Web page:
Monday, June 23, 2008

But, soft! what light through yonder window breaks?

It is the east, and Juliet is the sun!

Romeo, Act II, scene ii

Verona, the perfect backdrop for Romeo and Juliet's love story. Verona, a UNESCO world heritage monument. Verona, a city that took my breath away.

We went to the beautiful city of Verona on Saturday, to see Tosca at the Arena! We headed there under blue skies and hot temperatures, Summer has finally arrived and we are enjoying every minute of it. Neither one of us three had been to an Opera before, and we were really excited. The tickets (5 of them) were a present from our dear friends Gloria and Juan, who were coming to Italy from the States, but had to cancel their trip at the last minute! What a gift! I still wish they had been able to make it though. I could have gone to Verona any other time!

We invited our friends Debby and Marcelo to join us and we enjoyed a day of fun, good food, and great opera. Marcelo was an excellent guide, showing us all the sites and telling us all about the history of the place. The Arena is the third largest in Italy, and even though what is left of its facade is a small piece, the structure left is stunning. To think that it was originally built in the year 30 AC! The inside of the Roman amphitheater is like it was 2000 years ago. I just can't get over the fact that history permeates everything in places like Verona.

We wandered through the medieval streets, arriving at open spaces, with magnificent architecture like the piazza delle erbe, which during Roman times used to be the forum -the center of the city. Today it is still a meeting place, with a market at its center. In the piazza there are several monuments, including the fountain of the madonna Verona, as well as the 14th C. Gardello tower, the baroque palazzo Marfei, and the Lamberti tower with its panoramic views of the city.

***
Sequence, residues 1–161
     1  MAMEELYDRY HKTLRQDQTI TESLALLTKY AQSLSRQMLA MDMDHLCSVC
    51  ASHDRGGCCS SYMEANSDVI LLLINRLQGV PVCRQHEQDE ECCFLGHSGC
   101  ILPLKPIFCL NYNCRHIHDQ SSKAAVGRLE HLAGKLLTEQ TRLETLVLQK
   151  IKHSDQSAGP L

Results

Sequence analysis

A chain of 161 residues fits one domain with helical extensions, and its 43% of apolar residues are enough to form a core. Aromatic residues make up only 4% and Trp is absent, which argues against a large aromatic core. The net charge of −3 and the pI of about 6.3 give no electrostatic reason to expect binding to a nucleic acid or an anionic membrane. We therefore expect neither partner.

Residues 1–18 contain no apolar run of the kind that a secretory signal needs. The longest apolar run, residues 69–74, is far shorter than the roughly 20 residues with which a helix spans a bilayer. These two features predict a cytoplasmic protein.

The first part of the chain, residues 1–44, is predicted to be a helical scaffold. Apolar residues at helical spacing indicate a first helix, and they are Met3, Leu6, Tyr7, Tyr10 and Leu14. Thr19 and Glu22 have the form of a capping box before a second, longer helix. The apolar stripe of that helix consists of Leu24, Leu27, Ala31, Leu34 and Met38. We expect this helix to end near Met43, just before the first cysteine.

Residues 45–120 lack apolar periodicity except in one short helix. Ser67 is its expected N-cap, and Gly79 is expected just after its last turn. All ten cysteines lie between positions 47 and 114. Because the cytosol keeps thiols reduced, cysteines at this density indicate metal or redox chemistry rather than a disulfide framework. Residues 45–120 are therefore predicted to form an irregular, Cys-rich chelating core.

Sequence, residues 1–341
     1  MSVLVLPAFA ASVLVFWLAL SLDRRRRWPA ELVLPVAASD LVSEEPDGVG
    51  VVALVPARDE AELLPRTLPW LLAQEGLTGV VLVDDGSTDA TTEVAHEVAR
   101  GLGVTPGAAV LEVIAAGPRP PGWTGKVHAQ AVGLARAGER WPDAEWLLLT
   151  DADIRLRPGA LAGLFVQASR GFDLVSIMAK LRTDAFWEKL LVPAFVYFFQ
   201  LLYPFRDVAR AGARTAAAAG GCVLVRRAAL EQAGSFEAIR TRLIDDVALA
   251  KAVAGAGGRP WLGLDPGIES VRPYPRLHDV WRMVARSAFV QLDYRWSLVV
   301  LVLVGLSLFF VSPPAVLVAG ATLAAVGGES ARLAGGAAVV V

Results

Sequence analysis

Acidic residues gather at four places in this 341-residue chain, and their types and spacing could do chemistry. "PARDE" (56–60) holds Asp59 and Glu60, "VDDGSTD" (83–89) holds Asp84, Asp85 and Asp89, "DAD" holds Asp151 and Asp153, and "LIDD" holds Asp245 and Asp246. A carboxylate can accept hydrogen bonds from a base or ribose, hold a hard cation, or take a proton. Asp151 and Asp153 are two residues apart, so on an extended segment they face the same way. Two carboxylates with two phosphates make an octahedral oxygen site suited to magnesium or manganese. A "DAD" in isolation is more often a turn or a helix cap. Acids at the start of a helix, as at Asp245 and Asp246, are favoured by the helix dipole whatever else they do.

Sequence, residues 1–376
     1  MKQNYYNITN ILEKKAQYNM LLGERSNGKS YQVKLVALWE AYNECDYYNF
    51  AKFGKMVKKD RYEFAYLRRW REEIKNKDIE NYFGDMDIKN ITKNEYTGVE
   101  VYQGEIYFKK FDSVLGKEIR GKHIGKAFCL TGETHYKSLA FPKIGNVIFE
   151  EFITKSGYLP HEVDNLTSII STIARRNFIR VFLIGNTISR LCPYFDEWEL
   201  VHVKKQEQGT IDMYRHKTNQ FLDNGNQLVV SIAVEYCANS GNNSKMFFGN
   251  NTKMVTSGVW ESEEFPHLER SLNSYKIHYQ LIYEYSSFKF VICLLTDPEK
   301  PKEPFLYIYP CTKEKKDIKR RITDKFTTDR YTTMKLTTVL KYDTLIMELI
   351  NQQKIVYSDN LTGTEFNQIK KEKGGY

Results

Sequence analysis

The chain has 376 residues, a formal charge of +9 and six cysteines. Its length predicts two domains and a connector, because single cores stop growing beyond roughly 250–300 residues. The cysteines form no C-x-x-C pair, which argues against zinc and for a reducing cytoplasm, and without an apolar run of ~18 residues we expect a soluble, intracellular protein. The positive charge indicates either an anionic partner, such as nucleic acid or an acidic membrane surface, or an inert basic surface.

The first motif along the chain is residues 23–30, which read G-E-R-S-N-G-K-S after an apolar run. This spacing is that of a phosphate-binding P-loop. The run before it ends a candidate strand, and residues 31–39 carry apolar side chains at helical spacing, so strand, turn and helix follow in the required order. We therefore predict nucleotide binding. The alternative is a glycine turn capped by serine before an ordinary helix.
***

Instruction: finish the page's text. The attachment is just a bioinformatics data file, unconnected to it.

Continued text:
We also learned about curious things like this "bone". It hangs over one of the street passages. First, people speculated that it was a mammoth tusk, later they called it a dinosaur bone, but after some scientific tests it was discovered to be a whale bone! If this is not curious enough for you, legend has it that the bone will remain in place until one who has never said a lie in his life walks under it. Only then it will fall. May I mention that it has been in place for a century? Also one can visit Juliet's house (she was a fictional character, wasn't she?) There is a bronze statue of Juliet in the courtyard, and legend has it that if you stroke her right breast, good fortune will be vested upon you and/or fertility will be aplenty. You can see a picture of said statue on my first photo, on the lower left corner.

We walked to the Adige river, and we visited Ponte Pietra or the stone bridge, which was originally built in the first Century by the Romans, later it was destroyed by the Napoleonic forces, to be reconstructed with the original materials in its new location. The bridge connects the old town with the Roman theater (another exceptional site.) Not all was walking about in the heat, we also had time for an aperitivo, and some wonderful dinner near the Arena.

I have no pictures of the opera (Tosca) because we were not supposed to bring a camera to the performance. Well, I think we were the only ones not taking pictures at the performance. To tell you the truth, sometimes I miss really seeing things because I am limited by my camera's viewfinder. I have the images in my head, and the music in my ears. Absolutely gorgeous, an experience unlike any other. I loved the third act, but I guess that is predictable. Everything comes together beautifully in the third act, all the drama, the desperate solos of the main characters, the bare scenography, the almost full moon raising from behind the scenario... surreal!

What a gorgeous day!

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